• palonosetron: 66.5 mL/hr/kg


  • netupitant: 70% feces; 4% urine
  • palonosetron: 5-8% feces; 85-93% urine


Information about this netupitant-and-palonosetron-oral-route
Pregnancy Category Explanation
All Trimesters C Animal studies have shown an adverse effect and there are no adequate studies in pregnant women OR no animal studies have been conducted and there are no adequate studies in pregnant women.

Important information

Follow all directions on your medicine label and package. Tell each of your healthcare providers about all your medical conditions, allergies, and all medicines you use.

How should I take Akynzeo?

Take Akynzeo exactly as prescribed by your doctor. Follow all directions on your prescription label. Do not use this medicine in larger or smaller amounts or for longer than recommended.

Akynzeo is usually taken 1 hour before the start of chemotherapy. Follow your doctor's instructions.

You may take Akynzeo with or without food.

This medicine is given ahead of time and will not treat nausea or vomiting you already have.

Store at room temperature away from moisture and heat.

Akynzeo dosing information

Usual Adult Dose of Akynzeo for Nausea/Vomiting - Chemotherapy Induced:

Highly Emetogenic Chemotherapy, Including Cisplatin Based Chemotherapy:
-Day 1: One capsule (300 mg netupitant/0.5 mg palonosetron) orally approximately 1 hour prior to the start of chemotherapy along with 12 mg dexamethasone orally 30 minutes prior to chemotherapy
-Days 2 to 4: One capsule (300 mg netupitant/0.5 mg palonosetron) orally approximately 1 hour prior to the start of chemotherapy along with 8 mg dexamethasone orally once a day

Anthracyclines, Cyclophosphamide Based Chemotherapy, and Chemotherapy Not Considered Highly Emetogenic:
-Day 1: One capsule (300 mg netupitant/0.5 mg palonosetron) orally approximately 1 hour prior to the start of chemotherapy along with 12 mg dexamethasone orally 30 minutes prior to chemotherapy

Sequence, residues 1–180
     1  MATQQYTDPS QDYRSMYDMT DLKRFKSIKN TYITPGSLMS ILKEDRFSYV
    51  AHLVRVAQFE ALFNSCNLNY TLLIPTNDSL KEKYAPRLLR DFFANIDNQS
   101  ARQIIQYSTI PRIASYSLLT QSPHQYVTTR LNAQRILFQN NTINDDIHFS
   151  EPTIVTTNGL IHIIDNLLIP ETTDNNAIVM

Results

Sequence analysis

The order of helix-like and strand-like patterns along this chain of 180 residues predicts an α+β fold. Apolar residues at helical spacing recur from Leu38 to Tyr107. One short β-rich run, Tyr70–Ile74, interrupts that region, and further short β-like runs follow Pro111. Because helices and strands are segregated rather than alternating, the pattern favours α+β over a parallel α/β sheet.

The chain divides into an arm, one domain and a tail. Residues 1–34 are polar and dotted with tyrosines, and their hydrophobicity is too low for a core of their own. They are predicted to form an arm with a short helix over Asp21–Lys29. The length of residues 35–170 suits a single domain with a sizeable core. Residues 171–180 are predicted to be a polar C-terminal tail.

-Days 2 to 4: One capsule (300 mg netupitant/0.5 mg palonosetron) orally approximately 1 hour prior to the start of chemotherapy; dexamethasone administration not necessary

-Can be taken with or without food

Use: Prevention of acute and delayed nausea and vomiting associated with initial and repeat courses of cancer chemotherapy

Netupitant / palonosetron Breastfeeding Warnings

A decision should be made to discontinue breastfeeding or discontinue the drug, taking into account the importance of the drug to the mother. Excreted into human milk: Unknown Excreted into animal milk: Data not available Comments: The effects in the nursing infant are unknown.

Cautions for Akynzeo


None known.1


Sensitivity Reactions

Hypersensitivity reactions, including anaphylaxis, reported in palonosetron-treated patients with or without known hypersensitivity to other 5-HT3 receptor antagonists.1 29 30 (See Advice to Patients.)

Serotonin Syndrome

Serotonin syndrome (in some cases fatal) reported in patients receiving 5-HT3 receptor antagonists.1 Most cases were associated with concomitant use of other serotonergic drugs (e.g., SSRIs, SNRIs, MAO inhibitors, mirtazapine, fentanyl, lithium, tramadol, IV methylene blue).1 Serotonin syndrome occurring with overdosage of another 5-HT3 receptor antagonist alone (ondansetron) also reported.1 31 The majority of reports of serotonin syndrome related to 5-HT3 receptor antagonist use occurred in a post-anesthesia care unit or infusion center.1

Manifestations of serotonin syndrome may include mental status changes (e.g., agitation, hallucinations, delirium, coma), autonomic instability (e.g., tachycardia, labile BP, dizziness, diaphoresis, flushing, hyperthermia), neuromuscular symptoms (e.g., tremor, rigidity, myoclonus, hyperreflexia, incoordination), and seizures with or without GI symptoms (e.g., nausea, vomiting, diarrhea).1